Nick Wills

Nick Wills is best known in longwall mining circles as a troubleshooter. “I go where there are problems,” he says.
Nick Wills Nick Wills Nick Wills Nick Wills Nick Wills

Nick Wills

Angie Tomlinson

His involvement with longwalls dates back to 1974 when he began work in the British coal industry. Wills came to Australia with equipment manufacturer Dowty in 1987 and subsequently became chief mining engineer for Longwall International. In recent years he has branched out into other areas, introducing the Huesker mesh system to the Australian longwall industry in 1996. He is also an avid aviator.

ILN:What is your earliest mining memory?

NW: Watching the television in 1966 and seeing the news reports on the Aberfan Disaster in Wales. 144 people, 116 of them children, were killed when a tip of coal waste slid onto the village of Aberfan in South Wales.

ILN: What made you choose mining as a career?

NW: I wanted to be a geologist but my grades at school were not good enough to do a geology degree. However, the National Coal Board (UK) were willing to pay me to study mining. How could I refuse?

ILN: When was your first underground visit?

NW: At the age of 18 I went on an underground visit to Markham Main Colliery in Yorkshire prior to being offered a student apprenticeship. It was dark, dusty, damp and very hot. I thought the coal miners were grossly underpaid and were heroic for the job they did. I told the National Coal Board staff manager to stick it.

ILN: What was your favourite job in a coal mine?

NW: I enjoyed the job of shotfirer immensely, but I’d have to say that being a longwall consultant is the best. I come to help you, eat your lunch, tell you things you probably already know, write an eloquent report and attach a lovely invoice….. can it ever get any better than that?

ILN: What was your least favourite job?

NW: Being an undermanager. The pay was good, the hours were terrible and you were everyone’s punch bag. Consultants used to come and tell me what I already knew, and leave after lunch but before any work was done…..

ILN: Who, or what, has most influenced your mining career?

NW: My first mine manager and mentor was called Mr (George) Longmate. He brought me through the NCB system and gave me my first undermanager’s job. He was God. He gaveth life and he could take it away….. he was a hard task master but very loyal to his team. I learned a great deal about mining from him, but also much about human nature and character building.

ILN: What do you consider your best mining achievement?

NW: Designing and installing Huesker Recovery Systems at over 200 longwall relocations in Australia.

ILN: What do you see as being the greatest mining development during your career?

NW: Huesker Recovery Systems.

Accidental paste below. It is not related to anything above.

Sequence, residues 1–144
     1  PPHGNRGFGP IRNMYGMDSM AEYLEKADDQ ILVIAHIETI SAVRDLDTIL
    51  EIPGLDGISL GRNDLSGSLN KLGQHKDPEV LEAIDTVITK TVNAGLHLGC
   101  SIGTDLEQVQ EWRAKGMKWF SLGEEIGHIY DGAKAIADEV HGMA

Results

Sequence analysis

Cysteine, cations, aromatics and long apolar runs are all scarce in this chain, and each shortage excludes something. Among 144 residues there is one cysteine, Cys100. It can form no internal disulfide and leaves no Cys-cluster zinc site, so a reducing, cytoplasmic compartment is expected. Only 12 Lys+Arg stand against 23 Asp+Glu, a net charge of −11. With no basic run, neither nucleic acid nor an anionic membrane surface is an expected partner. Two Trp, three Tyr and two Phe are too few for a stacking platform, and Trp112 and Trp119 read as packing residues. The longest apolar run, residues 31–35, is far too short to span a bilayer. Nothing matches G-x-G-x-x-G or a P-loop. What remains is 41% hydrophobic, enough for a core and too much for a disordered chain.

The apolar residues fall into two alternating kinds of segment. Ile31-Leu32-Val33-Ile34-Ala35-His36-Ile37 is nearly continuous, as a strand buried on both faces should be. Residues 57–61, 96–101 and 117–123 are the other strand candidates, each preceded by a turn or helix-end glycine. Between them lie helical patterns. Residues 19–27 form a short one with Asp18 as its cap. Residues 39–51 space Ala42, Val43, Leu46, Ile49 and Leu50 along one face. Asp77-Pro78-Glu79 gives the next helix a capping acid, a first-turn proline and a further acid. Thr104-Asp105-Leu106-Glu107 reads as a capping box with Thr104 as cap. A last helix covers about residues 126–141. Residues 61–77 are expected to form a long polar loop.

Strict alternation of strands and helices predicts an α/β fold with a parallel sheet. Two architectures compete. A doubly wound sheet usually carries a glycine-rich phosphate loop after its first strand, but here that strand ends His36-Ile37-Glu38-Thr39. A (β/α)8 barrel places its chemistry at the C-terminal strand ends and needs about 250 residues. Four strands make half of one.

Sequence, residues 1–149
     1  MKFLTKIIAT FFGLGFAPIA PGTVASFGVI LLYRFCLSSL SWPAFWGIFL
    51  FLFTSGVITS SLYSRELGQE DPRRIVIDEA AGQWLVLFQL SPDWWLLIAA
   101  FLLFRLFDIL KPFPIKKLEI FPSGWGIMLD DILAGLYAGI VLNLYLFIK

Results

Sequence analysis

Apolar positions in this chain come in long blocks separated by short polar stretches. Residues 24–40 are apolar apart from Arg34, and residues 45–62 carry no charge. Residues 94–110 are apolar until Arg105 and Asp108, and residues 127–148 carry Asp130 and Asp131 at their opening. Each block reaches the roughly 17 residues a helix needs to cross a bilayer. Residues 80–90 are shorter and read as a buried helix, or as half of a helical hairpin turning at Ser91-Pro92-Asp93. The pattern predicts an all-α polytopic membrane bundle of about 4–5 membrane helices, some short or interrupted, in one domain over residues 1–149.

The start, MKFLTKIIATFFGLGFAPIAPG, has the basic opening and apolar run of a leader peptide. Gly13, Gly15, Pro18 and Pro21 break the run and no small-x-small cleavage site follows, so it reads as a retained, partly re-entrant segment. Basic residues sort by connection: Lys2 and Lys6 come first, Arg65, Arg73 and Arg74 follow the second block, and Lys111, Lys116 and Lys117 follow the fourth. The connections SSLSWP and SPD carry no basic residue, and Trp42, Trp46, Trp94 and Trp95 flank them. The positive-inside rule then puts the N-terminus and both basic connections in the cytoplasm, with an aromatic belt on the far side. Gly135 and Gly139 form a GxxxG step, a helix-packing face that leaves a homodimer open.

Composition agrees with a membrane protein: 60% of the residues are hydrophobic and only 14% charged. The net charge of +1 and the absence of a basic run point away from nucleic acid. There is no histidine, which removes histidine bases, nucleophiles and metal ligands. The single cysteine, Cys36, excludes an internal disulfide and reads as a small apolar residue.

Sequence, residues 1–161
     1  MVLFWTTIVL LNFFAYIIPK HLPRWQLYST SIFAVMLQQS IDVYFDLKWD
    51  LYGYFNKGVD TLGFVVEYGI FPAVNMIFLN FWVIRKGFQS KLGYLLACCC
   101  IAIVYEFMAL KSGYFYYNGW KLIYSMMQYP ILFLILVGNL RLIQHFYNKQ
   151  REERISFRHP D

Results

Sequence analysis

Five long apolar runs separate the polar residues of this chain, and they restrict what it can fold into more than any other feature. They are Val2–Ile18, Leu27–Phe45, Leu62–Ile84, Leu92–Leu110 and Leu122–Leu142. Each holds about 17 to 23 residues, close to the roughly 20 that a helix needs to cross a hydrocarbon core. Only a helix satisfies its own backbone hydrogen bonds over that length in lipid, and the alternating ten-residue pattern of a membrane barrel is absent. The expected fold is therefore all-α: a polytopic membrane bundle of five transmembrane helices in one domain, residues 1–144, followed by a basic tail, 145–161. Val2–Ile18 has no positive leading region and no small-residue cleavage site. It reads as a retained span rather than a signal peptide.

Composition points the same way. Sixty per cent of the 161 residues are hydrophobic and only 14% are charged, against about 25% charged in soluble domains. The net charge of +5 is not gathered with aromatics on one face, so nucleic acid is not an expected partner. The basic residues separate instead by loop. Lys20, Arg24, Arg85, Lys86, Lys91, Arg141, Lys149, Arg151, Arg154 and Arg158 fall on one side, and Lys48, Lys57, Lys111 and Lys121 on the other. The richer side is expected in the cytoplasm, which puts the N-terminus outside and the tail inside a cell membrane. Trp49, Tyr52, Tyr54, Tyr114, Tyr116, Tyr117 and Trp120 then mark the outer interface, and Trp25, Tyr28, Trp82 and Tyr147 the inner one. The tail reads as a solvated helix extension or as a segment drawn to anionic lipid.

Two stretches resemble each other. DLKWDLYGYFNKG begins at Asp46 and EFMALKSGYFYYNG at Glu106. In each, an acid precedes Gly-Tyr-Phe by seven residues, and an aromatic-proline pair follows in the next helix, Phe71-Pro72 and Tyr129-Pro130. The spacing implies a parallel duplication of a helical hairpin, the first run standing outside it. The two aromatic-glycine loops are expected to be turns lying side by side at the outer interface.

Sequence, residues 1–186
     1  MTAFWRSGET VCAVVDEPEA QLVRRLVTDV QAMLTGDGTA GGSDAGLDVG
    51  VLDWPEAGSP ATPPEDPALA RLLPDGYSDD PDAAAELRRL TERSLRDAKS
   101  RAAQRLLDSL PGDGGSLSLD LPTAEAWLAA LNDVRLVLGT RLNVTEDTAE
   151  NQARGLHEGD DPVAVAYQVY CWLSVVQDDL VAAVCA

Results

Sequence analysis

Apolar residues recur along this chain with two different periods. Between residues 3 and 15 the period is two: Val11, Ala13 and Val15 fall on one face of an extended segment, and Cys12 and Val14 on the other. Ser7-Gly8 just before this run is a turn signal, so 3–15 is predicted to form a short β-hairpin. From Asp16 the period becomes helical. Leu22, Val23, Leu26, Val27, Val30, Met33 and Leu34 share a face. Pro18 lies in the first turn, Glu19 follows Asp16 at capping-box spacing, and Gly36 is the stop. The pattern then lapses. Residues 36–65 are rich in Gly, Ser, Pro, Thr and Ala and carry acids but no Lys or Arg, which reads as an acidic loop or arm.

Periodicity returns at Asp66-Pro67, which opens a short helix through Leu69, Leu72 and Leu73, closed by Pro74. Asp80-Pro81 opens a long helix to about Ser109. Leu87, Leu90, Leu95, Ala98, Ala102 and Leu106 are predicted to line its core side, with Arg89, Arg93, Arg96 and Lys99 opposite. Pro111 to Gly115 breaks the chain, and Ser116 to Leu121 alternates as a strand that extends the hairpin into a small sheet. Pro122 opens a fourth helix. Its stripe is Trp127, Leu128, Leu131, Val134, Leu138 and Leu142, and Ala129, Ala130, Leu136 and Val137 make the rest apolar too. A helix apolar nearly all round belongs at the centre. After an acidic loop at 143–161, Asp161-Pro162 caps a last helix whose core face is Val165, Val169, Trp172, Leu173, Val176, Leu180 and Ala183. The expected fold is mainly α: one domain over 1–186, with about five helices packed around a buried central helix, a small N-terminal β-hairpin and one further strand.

ILN: Do you hold any mining records?

NW: Yes. I held the record for the highest tonnage for an advancing longwall in the Barnsley Seam of Yorkshire. My longwall crews produced 17,100 tonnes in a five-day week.

ILN: Do you have any unfulfilled ambitions?

NW: I would like to fly a Spitfire.

ILN: What was your most embarrassing moment in a coal mine?

NW: As a trainee, I recall seeing a piece of wood protruding from the coal roof in a longwall packhole. I thought it was a fossilised tree (remember I wanted to be a geologist) and demanded that longwall operations be halted whilst we recover this amazing find. My supervisor contacted the deputy with my request. The deputy informed me in a rather loud and sarcastic manner that there were plenty more wooden roof dowels where that one came from.

ILN: What was your scariest time in a coal mine?

NW: During the yearlong strike of 1984-85, we undermanagers were tasked with performing underground statutory examinations. There were three of us, 850m below the surface and up to five miles from the shaft bottom, All alone in the dark and spread out in different directions! One day, I saw a cap lamp shimmering in the distance. It was far away, but it was coming towards me. I had heard rumours of the mine being haunted, and maybe I was about to come face to face with a ghostly miner from the past. The light disappeared, then flickered on again. My pulse rate was around 180bpm and I was ready to turn and run, but then I realised it was my own reflection in a perspex window.

ILN: What is your worst memory of coal mining?

NW: That was after a fatality at the bottom of a mine shaft, the result of a horrific accident to a young electrician. It was a stark reminder of the real dangers in a coal mine.

ILN: Do you think that the day of the fully automated remotely operated face is near?

NW: No

ILN: What major improvements would you like to see on longwall operations?

NW: Maybe one day longwall operators, managers and manufacturers will realise that they can substantially increase the efficiency, effectiveness and safety of their longwall by setting powered supports at the correct set pressures. This fundamental and most important aspect of longwall mining is blatantly ignored by the majority. Ignorance is bliss.

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